WASHINGTON-"August has both peril and opportunity," said White House chief of staff Rahm Emanuel at the end of July as lawmakers headed to their home states. The peril, he said, was that interest groups could hijack the healthcare debate. The opportunity was in shoring up support from the center.
Now lawmakers are back in the Capitol after a month of debate on healthcare that was as hot as an August sidewalk. They've been exposed to campaigns by interest groups and lobbyists. Constituents threw tea parties. Some yelled toe-to-toe at their lawmakers in town halls-some lawmakers yelled back. Some had peaceful discussions. One man bit off another man's pinky finger during a fight over healthcare reform in California (don't worry, it was reattached).
President Obama's approval ratings dropped to 50 percent by the end of month, according to Gallup-on track to be one of the fastest drops below majority approval ratings among presidents since World War II.
So what's next? Congress has five healthcare bills floating around, with little Republican support, wobbly support from conservative House Democrats, and a host of skeptics in the Senate. President Obama will speak Wednesday to a joint session of Congress to outline what he expects to be in the reform exactly. In a speech Monday he emphasized that he still wants the public option to be a part of the bill, though other members of the administration have said that feature isn't a "deal breaker." He also has to sell the reform to the American people again.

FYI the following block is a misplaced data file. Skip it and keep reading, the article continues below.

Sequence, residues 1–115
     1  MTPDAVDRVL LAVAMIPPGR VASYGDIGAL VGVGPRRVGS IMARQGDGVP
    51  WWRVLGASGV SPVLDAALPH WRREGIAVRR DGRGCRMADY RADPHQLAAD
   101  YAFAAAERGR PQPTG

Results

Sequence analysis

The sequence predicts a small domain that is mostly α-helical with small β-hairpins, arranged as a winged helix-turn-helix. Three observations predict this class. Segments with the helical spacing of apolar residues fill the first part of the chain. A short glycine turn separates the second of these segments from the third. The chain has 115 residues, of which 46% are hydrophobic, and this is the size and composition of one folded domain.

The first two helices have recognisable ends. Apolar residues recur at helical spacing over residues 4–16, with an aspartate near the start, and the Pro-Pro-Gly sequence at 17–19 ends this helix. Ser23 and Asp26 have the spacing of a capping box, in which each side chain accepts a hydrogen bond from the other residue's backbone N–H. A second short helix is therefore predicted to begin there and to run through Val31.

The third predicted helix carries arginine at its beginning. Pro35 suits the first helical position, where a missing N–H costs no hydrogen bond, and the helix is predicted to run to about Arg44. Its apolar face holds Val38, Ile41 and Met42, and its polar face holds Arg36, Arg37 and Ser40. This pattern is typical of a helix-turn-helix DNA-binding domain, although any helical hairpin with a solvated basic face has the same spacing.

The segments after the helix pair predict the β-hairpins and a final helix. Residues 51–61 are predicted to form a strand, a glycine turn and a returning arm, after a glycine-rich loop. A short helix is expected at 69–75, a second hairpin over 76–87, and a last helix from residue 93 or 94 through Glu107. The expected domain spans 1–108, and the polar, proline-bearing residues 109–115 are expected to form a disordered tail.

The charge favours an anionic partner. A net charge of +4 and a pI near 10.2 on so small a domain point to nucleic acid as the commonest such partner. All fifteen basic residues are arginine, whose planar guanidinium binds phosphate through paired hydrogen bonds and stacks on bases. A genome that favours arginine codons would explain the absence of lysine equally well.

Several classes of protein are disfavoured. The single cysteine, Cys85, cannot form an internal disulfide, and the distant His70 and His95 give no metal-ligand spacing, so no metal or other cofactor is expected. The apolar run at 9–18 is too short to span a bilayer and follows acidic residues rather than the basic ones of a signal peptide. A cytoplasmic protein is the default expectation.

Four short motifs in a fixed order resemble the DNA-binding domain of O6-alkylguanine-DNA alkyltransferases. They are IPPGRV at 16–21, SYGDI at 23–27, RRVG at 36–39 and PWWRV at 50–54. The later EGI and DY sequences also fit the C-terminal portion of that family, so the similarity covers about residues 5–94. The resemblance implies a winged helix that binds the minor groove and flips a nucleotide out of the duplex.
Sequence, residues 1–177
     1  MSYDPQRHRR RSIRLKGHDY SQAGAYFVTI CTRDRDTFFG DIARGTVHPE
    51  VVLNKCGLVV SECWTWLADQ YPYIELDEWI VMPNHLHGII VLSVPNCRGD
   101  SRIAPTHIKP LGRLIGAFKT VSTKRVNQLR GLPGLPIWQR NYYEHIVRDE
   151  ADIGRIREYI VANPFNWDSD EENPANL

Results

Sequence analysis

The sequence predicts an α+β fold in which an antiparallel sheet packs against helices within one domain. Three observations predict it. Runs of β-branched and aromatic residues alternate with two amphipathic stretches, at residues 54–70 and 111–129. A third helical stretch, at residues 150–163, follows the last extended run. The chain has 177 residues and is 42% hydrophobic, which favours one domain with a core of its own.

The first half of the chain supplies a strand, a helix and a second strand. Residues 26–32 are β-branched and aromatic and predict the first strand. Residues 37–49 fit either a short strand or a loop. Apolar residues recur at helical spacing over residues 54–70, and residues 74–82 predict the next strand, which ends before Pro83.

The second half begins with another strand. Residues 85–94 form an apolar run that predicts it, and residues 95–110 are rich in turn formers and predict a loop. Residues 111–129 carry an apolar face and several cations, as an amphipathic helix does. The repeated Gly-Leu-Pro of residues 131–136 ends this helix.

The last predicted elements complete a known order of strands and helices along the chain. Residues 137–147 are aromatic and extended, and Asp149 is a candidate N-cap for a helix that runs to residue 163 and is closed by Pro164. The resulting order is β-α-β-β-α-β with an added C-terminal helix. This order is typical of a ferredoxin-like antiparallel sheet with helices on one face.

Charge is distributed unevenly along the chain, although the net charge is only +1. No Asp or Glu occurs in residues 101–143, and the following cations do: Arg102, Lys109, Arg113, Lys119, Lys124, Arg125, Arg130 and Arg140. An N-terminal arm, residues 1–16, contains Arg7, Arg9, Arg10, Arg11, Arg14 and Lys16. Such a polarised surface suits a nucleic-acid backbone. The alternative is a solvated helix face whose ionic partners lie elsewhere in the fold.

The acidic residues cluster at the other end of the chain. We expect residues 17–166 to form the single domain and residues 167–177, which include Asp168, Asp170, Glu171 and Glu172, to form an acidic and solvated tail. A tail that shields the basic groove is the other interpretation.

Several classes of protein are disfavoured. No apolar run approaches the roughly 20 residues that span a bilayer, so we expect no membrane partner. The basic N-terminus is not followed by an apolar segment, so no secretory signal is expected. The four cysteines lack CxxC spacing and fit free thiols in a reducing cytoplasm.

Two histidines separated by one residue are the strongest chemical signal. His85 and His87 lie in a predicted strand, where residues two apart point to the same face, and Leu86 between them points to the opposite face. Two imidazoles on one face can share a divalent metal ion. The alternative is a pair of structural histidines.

The Senate Finance Committee's "Gang of Six," a coalition of three Democrats and three Republicans, is supposed to produce a bill by Sept. 15-the one bill that truly has the chance to be bipartisan, with the contributions of Republican Sens. Chuck Grassley of Iowa, Olympia Snowe of Maine, and Mike Enzi of Wyoming. Sen. Max Baucus, D-Mont., chair of the Senate Finance Committee, just sent the gang a draft-which doesn't include the public option or mandated employer insurance, as other versions have. Baucus' draft would cost about $900 billion.
Obama originally set the deadline for Congress to complete reform before its August recess, ostensibly knowing how the reform could be derailed in a month of chatter. The president plans to talk things over with House Speaker Nancy Pelosi and Senate Majority Leader Harry Reid Tuesday.